Perspectives[edit | edit source]
Feminist[edit | edit source]
According to feminist theoretical approaches, domestic violence constitutes an intentional pattern of behaviour that is used to create and maintain control and power over a female partner (or ex-partner). Understood in these terms, DV exists as part of a patriarchal social structure and therefore adequate responses must involve substantive social, cultural and communal change.
Psychopathological[edit | edit source]
Psychopathological perspectives of domestic violence emphasise the narcissistic and/or antisocial personalities that are often found among perpetrators (Gondolf 2002). Generally speaking, this theory explains domestic violence through the mental illness of abusers and therefore views the solution in terms of medication or psychiatric treatment.
Investigating perpetrator typologies[edit | edit source]
Debunking generalisations[edit | edit source]
Every situation involving domestic violence varies, from whether the perpetrator is female or male, the severity of each case, to the behaviours that derive from the six main forms of abuse. Not all victims endure the same amount of hardship, some may experience more or less. It is important to recognise that each of these variables makes every situation unique.
Coercive controllers[edit | edit source]
Coercive controllers - common behaviours/characteristics (McMillan and Lombard 2013):
- Isolating victim from friends and family
- Controlling finances
- Sexual coercion
Abuse motivation and behaviour[edit | edit source]
Motivation[edit | edit source]
Theories[edit | edit source]
Motivation for Domestic violence can be understood through Bandura’s Social Learning Theory. This theory is one of the most well-known perspectives in the marital violence literature. Often perceived as the “cycle of violence” when applied to a family with children, it discusses how individuals replicate behaviour that they were once exposed to when they were younger. Violence is a learned behaviour which is learnt through exposure from role models. This is normally carried with them into adulthood, and can then be used as a coping mechanism (Bandura 1973).
Coercive controllers[edit | edit source]
Coercive controllers typically have certain motivations for their actions, some of which may include their own personal gratification, psychological projection, personal gain, and enjoying the ability to exercise an unequal power dynamic within the household. Psychological projection is a common defense mechanism for coercive controllers, and bullies in general. This is when a person externalises their own personal feelings of vulnerability onto the victim.
Conclusion[edit | edit source]
See also[edit | edit source]
- Intimate partner violence motivation (Book chapter, 2017)
- Aggression in intimate relationships (Book chapter, 2014)
- Sexual violence motivation (Book Chapter, 2014)
- Motivation to leave domestic abuse relationships (Book Chapter, 2018)
- Domestic violence (Wikipedia)
References[edit | edit source]
Australian Bureau of Statistics (2017). Personal Safety, Australia. https://www.abs.gov.au/statistics/people/crime-and-justice/personal-safety-australia/latest-release
Australian Institute of Health and Welfare (2018). Family, domestic and sexual violence in Australia, February 2018. https://www.aihw.gov.au/reports/domestic-violence/family-domestic-sexual-violence-in-australia-2018/summary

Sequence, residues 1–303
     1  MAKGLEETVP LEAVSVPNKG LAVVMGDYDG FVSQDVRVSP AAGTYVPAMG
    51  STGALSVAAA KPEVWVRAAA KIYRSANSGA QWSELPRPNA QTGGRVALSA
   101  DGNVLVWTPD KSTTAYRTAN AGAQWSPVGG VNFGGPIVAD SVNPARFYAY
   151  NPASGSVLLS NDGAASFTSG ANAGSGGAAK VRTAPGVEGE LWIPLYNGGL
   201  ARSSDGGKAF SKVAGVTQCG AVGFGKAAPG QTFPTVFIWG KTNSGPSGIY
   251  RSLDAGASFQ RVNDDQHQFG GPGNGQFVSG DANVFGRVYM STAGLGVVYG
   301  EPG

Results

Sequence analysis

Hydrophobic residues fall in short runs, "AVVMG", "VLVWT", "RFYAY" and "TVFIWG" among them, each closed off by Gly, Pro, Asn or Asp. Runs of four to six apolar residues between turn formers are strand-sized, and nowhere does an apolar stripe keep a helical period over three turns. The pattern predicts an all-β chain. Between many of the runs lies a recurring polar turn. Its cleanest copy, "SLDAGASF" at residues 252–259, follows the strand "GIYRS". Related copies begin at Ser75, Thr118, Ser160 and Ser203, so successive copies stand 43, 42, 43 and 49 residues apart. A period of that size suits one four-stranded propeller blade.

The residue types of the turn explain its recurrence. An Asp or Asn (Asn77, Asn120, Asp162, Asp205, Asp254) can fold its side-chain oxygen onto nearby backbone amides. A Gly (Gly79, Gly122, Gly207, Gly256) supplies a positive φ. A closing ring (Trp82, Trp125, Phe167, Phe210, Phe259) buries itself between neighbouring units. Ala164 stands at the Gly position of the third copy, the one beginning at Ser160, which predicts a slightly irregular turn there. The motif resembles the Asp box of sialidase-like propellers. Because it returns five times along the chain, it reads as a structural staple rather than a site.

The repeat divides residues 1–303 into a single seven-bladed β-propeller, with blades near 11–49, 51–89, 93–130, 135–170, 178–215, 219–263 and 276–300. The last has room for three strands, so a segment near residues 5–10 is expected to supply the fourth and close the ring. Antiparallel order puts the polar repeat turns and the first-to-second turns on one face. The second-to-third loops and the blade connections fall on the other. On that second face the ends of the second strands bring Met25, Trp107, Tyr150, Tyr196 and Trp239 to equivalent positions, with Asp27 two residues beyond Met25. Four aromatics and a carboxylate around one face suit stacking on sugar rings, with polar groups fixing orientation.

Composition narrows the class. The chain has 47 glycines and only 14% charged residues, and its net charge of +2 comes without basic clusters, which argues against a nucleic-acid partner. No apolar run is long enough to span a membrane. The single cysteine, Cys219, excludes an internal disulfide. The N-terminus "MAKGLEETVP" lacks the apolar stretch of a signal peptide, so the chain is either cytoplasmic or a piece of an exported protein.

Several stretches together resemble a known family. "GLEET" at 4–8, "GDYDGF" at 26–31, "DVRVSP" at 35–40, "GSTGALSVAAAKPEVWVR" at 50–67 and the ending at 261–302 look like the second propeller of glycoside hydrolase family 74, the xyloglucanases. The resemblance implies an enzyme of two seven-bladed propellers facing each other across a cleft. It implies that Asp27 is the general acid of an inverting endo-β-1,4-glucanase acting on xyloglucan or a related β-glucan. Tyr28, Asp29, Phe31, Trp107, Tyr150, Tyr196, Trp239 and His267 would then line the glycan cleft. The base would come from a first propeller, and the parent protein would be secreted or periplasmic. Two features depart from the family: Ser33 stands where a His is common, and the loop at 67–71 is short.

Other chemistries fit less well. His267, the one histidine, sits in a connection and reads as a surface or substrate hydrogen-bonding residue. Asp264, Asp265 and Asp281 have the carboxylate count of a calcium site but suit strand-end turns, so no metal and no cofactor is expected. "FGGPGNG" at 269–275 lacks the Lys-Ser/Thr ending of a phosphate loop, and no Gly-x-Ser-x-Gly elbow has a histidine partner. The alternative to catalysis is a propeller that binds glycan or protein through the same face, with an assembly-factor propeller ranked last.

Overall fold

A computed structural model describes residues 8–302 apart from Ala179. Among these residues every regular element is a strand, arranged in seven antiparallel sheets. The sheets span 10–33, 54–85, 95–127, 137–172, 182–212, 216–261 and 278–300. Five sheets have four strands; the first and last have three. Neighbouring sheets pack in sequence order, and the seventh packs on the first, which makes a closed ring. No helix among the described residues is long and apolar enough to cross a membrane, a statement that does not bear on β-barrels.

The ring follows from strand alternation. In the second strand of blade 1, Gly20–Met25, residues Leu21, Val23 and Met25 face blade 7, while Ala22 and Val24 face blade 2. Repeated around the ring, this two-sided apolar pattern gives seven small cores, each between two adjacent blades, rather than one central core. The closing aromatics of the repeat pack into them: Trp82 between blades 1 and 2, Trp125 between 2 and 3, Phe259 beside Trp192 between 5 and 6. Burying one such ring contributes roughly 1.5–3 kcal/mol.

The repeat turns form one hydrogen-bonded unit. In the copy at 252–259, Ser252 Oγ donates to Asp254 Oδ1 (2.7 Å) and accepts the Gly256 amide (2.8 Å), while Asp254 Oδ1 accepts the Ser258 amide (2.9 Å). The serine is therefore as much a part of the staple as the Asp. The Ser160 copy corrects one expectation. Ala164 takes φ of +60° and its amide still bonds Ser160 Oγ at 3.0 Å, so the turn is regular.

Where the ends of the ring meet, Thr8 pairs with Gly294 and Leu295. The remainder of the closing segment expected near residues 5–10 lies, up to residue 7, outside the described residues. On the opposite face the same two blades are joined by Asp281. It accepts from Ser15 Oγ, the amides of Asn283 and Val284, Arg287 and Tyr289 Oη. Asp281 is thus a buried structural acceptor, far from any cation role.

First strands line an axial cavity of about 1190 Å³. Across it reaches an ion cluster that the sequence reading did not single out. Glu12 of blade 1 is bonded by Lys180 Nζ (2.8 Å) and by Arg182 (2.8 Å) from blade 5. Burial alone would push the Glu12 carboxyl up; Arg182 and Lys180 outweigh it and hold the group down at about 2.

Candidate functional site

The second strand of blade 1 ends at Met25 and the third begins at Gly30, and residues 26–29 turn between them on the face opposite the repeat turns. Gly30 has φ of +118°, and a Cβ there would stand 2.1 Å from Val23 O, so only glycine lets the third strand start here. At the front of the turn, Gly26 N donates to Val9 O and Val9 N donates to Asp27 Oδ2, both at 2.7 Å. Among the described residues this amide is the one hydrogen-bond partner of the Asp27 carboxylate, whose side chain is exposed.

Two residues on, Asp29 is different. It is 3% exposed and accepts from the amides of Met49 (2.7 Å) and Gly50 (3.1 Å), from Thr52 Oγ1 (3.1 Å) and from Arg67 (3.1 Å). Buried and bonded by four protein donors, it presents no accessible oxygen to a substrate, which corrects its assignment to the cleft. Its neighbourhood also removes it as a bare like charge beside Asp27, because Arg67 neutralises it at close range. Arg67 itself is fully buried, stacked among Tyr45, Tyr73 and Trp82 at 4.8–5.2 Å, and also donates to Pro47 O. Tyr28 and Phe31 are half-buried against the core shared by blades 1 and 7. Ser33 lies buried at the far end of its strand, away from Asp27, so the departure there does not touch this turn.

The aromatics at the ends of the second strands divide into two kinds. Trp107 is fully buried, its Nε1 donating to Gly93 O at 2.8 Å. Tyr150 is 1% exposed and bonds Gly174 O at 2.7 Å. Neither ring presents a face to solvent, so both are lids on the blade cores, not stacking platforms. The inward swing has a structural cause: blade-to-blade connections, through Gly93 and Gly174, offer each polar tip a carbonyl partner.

Australian Institute of Health and Welfare. (2020) Family, domestic and sexual violence Reports. https://www.aihw.gov.au/reports-data/behaviours-risk-factors/domestic-violence/reports.
Bandura, A. (1973). Aggression: A social learning analysis. Prentice-hall.
Brown, T., Bricknell, S., Bryant, W., Lyneham, S., Tyson, D., & Arias, P. F. (2019). Trends and issues in crime and criminal justice. Trends and Issues in Crime and Criminal Justice, (568), 1.
Gondolf, E. (2002). Service Barriers for Battered Women With Male Partners in Batterer Programs. Journal Of Interpersonal Violence, 17(2), 217-227.
Hegarty, K., Hindmarsh, E. D., & Gilles, M. T. (2000). Domestic violence in Australia: Definition, prevalence and nature of presentation in clinical practice. Medical Journal of Australia, 173(7), 363–367. https://doi.org/10.5694/j.1326-5377.2000.tb125688.x
Hornor, G. (2005). Domestic Violence and Children. Journal of Pediatric Health Care, 19(4). https://doi.org/10.1016/j.pedhc.2005.02.002
Huecker, M.R., King, K.C., Jordan, G.A., Smock, W. (2023, April 9). Domestic Violence. StatPearls Publishing. Treasure Island (FL): StatPearls Publishing; 2023 Jan-. Available from: https://www.ncbi.nlm.nih.gov/books/NBK499891/
McMillan, L., & Lombard, N. (2013). Violence Against Women: Current Theory and Practice in Domestic Abuse, Sexual Violence, and Exploitation (Research Highlights in Social Work). Jessica Kingsley Publishers.
Myhill, A., & Johnson, K. (2015). Police use of discretion in response to domestic violence. Criminology & Criminal Justice, 16(1), 3-20.
Radell, M. L., Abo Hamza, E. G., Daghustani, W. H., Perveen, A., & Moustafa, A. A. (2021). The impact of different types of abuse on depression. Depression Research and Treatment, 2021. https://doi.org/10.1155/2021/6654503
[edit | edit source]
If you have found any of the above material triggering please refer to the links below for assistance.
- 1800RESPECT (Confidential information, counselling and support service, Australia Wide)
- MensLine Australia (Telephone and online counselling service for men with emotional and health and relationship concerns)
- Legal aid (Legal advice and representation Australia wide, specifically for those in financial need)
- Lifeline 13 11 14 (Lifeline provides compassionate support for people in crisis)
If you are after more related information you may find the following of interest:
- Ted Talk: "Why Domestic Violence Victims Don't Leave" (Leslie Morgan Steiner)
- Domestic Violence Support Services Australia (White Ribbon Australia)